So, just putting {} after your optional virtual method gives you an empty default implementation.

class Abstract {
public:
    virtual void foo() = 0; // pure virtual must be overriden
    virtual void bar() {};  // virtual with empty default implementation
}

class Derived : Abstract {
public:
    virtual void foo();
}

A more involved default implementation would go into a separate source file though.

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Bingo. This was my issue, thank you so much. :) –  mikestaub Jan 19 '12 at 19:08

Yes, that's fine ... you only need to implement any pure virtual functions in order to instantiate a class derived from an abstract base class.

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The ISO C++ Standard specifies that all virtual methods of a class that are not pure-virtual must be defined.

Simply put the rule is:
If your derived class overiddes the Base class virtual method then it should provide a definition as well, If not then the Base class should provide the definition of that method.

As per the above rule in your code example, virtual void bar(); needs a definition in the Base class.

Reference:

C++03 Standard: 10.3 Virtual functions [class.virtual]

A virtual function declared in a class shall be defined, or declared pure (10.4) in that class, or both; but no diagnostic is required (3.2).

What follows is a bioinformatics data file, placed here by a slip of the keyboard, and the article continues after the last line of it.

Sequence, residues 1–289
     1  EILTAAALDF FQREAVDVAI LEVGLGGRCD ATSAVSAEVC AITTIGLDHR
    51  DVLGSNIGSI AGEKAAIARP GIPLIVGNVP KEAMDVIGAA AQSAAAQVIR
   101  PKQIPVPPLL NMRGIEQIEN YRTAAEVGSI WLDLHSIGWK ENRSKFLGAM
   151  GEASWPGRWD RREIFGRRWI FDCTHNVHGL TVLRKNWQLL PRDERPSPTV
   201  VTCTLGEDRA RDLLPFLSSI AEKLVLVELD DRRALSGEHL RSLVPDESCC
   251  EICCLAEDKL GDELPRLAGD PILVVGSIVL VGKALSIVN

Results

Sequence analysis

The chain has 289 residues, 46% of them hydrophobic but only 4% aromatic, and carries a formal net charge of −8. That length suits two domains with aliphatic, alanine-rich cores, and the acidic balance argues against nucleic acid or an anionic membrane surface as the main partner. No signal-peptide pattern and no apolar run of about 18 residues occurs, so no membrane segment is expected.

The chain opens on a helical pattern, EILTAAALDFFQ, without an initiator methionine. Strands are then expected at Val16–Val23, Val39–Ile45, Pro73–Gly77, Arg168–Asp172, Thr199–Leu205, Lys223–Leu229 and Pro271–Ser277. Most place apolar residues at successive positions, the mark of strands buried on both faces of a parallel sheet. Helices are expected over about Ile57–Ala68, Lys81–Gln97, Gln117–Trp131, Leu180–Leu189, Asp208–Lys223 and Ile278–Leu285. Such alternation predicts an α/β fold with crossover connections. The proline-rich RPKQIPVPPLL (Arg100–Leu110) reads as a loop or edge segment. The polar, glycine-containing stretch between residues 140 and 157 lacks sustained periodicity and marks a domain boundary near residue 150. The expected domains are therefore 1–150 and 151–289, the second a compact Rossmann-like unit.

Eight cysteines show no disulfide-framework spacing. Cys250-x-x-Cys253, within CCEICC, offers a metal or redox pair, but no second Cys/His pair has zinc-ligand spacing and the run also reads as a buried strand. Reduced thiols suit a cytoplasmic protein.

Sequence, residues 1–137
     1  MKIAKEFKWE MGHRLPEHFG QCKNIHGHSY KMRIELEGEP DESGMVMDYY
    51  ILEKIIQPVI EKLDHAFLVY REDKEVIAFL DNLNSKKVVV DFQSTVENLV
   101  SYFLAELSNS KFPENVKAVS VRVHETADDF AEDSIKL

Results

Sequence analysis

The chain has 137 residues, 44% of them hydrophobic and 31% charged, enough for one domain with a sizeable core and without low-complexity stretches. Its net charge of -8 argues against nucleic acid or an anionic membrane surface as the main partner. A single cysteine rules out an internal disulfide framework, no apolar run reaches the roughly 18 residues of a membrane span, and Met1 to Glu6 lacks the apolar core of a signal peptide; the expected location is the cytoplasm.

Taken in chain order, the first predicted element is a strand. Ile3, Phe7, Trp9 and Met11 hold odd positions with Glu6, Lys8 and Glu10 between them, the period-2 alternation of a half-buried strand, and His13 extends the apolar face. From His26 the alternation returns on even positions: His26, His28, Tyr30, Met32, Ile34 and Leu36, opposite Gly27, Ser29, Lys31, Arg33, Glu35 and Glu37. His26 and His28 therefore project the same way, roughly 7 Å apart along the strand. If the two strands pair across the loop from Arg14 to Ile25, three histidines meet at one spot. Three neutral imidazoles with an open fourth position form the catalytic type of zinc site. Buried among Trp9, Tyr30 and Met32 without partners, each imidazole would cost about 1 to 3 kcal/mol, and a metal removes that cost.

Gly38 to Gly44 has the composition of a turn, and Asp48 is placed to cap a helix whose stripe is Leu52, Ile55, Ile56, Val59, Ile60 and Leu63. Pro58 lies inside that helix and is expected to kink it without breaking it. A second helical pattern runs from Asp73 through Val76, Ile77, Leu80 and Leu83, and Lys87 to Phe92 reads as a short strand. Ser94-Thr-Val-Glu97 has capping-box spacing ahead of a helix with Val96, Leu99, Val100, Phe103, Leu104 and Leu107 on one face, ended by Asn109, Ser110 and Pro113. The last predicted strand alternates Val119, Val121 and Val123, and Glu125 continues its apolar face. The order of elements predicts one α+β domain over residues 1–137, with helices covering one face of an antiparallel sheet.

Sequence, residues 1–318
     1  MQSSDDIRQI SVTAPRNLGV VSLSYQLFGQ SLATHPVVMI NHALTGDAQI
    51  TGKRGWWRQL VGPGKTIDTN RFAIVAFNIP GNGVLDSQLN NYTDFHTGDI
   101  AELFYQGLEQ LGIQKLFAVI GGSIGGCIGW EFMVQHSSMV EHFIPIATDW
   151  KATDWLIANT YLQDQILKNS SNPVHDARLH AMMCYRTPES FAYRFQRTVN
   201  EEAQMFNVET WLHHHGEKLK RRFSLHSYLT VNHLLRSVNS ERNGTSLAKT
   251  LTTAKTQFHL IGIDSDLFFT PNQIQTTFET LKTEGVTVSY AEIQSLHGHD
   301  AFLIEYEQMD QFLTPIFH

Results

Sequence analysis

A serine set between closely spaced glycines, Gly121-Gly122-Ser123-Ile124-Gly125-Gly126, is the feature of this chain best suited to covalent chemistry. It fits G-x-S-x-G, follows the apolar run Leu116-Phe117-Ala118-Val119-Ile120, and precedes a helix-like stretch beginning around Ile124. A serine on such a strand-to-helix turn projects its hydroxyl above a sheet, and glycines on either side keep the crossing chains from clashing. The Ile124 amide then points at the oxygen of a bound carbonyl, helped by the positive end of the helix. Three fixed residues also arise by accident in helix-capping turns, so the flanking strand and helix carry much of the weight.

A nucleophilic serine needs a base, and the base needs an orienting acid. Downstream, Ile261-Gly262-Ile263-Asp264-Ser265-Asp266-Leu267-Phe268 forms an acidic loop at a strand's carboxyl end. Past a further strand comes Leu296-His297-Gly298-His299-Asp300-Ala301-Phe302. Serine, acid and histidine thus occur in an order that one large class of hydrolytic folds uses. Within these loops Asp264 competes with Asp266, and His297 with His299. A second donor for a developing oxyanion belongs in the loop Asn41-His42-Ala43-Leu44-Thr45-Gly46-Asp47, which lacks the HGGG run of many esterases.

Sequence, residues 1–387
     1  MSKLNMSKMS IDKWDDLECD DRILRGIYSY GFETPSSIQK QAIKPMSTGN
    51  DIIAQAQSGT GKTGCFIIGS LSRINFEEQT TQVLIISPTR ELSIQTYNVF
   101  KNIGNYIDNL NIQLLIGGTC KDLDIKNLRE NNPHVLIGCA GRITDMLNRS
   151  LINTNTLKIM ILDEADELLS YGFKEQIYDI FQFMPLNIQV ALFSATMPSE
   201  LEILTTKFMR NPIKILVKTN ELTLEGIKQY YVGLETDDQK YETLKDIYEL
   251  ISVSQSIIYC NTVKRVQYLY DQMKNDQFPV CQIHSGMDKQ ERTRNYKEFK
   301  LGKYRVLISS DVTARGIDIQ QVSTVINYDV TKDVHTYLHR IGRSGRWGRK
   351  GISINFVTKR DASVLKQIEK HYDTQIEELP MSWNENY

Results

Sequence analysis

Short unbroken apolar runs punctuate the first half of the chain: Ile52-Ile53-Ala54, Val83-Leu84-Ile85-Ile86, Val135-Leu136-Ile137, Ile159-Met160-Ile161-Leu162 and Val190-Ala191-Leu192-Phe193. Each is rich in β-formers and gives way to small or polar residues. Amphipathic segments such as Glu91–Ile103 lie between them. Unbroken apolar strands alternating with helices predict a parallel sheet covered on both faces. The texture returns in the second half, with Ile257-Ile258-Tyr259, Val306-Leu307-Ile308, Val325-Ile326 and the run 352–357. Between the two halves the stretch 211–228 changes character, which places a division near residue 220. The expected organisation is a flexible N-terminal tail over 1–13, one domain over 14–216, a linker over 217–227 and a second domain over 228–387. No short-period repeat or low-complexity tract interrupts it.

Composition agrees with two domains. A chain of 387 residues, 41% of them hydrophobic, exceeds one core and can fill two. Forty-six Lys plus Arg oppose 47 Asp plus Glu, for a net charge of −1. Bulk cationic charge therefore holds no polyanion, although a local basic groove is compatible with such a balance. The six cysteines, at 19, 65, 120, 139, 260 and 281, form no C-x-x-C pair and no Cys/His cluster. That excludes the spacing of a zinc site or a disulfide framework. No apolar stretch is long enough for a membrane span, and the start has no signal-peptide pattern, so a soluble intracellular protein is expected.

So either you should make the function pure virtual or provide a definition for it.

The gcc faq doccuments it as well:

The ISO C++ Standard specifies that all virtual methods of a class that are not pure-virtual must be defined, but does not require any diagnostic for violations of this rule [class.virtual]/8. Based on this assumption, GCC will only emit the implicitly defined constructors, the assignment operator, the destructor and the virtual table of a class in the translation unit that defines its first such non-inline method.

Therefore, if you fail to define this particular method, the linker may complain about the lack of definitions for apparently unrelated symbols. Unfortunately, in order to improve this error message, it might be necessary to change the linker, and this can't always be done.

The solution is to ensure that all virtual methods that are not pure are defined. Note that a destructor must be defined even if it is declared pure-virtual [class.dtor]/7.

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Yes, Its correct that a Derived class has to OVERRIDE the function which is Pure Virtual in the Parent Class. Parent class having a Pure Virtual Function is called Abstract Class only because it's Child class must give their own body of the Pure Virtual Function.

For the Normal Virtual Functions:- Its not necessary to override them further, as some child class may have that function, some may not have.

Main purpose of Virtual Function mechanism is Run Time Polymorphism, whether main purpose of Pure Virtual Function(Abstract Class) is to make it mandatory to have the same name Function with own's body.